MR PRINTER,—In your paper of the 23d inst. I observed a comparison between the dressing of cloth by manual labour and machinery. Now, though I cannot doubt the veracity of your correspondent, who asserts that more men are employed in the latter mode of dressing it; yet, being an old man, whose ideas perhaps may have been narrowed and contracted by age, I cannot give full credit to this assertion without some explanation, and such an explanation as may be comprehended by other old men, whose intellectual powers may be rendered equally callous and obtuse. I have, for more than forty-five years, had the government of trading concerns, have viewed improvements with pleasure, and have, in some degree, shared in the benefits thereof; and experience has convinced me, that the use of a certain degree of Machinery has benefited the labouring classes; but I am free to knowledge that I am not able to see, to my satisfaction, that dressing cloth by Machinery can produce to the poor shear-men any real advantage, because when in the dressing-mills I have seen that one man can well manage four pair of shears. If your correspondent, who has made the assertion, will be so good as give the A. B. C. thereof, in your paper, he will oblige me with many more of your readers.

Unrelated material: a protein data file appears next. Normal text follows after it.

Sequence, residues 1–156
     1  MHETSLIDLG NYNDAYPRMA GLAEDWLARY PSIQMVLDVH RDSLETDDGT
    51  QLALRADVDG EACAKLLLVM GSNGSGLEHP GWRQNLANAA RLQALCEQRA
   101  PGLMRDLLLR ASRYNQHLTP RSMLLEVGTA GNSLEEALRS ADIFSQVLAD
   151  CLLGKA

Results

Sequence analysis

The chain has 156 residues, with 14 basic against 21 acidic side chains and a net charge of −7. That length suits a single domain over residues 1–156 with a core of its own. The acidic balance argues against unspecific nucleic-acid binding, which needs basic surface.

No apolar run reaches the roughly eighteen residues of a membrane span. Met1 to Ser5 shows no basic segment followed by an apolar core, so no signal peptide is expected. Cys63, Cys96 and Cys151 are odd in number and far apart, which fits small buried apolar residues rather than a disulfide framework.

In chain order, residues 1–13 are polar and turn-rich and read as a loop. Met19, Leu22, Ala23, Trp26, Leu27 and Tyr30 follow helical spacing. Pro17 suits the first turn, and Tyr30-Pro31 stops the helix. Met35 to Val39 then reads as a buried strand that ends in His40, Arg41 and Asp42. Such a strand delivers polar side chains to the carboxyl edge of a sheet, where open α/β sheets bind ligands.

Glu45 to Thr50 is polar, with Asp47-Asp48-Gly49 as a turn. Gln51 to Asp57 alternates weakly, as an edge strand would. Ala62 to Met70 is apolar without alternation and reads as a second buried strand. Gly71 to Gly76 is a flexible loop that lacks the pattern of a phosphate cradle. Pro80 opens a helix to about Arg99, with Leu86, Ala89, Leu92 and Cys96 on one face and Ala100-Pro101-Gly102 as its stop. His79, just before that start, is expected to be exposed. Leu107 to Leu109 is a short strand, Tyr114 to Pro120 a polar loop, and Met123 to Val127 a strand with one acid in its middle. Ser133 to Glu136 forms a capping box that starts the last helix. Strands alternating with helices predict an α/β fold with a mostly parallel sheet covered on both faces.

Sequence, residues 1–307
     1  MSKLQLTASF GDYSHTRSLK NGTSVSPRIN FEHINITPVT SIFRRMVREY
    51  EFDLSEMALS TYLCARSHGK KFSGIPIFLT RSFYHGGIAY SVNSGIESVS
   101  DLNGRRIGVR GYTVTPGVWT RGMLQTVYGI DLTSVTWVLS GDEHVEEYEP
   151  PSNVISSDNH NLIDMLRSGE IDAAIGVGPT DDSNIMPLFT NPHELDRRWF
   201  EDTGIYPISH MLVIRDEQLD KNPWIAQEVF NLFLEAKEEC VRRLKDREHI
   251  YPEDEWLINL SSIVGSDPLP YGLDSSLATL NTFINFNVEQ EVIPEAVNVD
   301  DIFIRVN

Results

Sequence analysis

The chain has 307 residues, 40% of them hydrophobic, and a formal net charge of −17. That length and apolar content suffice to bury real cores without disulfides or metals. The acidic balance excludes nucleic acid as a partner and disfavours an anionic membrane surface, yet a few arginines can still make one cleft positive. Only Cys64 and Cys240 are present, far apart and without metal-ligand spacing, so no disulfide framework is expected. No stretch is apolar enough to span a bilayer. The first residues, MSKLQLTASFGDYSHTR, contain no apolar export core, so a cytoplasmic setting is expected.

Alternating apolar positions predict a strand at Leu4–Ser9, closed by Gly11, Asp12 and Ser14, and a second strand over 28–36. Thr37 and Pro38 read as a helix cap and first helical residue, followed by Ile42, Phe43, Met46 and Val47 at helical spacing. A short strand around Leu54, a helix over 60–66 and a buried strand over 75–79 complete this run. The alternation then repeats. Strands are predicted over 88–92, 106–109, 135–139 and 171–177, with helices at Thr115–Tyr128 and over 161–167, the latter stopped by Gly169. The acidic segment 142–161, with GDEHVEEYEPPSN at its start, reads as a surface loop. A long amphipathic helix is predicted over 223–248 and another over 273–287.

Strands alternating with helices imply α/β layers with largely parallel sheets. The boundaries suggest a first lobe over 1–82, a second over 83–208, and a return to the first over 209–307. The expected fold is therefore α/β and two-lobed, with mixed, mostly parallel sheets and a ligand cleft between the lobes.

It has been hinted to me, that if the croppers would lower their wages, say, be content to earn 20s. a week, instead of 30s.—that then the dressing-mill would not be employed. This may be worthy the consideration of the shear-men; but I admit that it is difficult to persuade men, that 20s. a week constant, is better for them than 30s. though liable to interruptions.
This was published in the Leeds Mercury of 30th November 1816.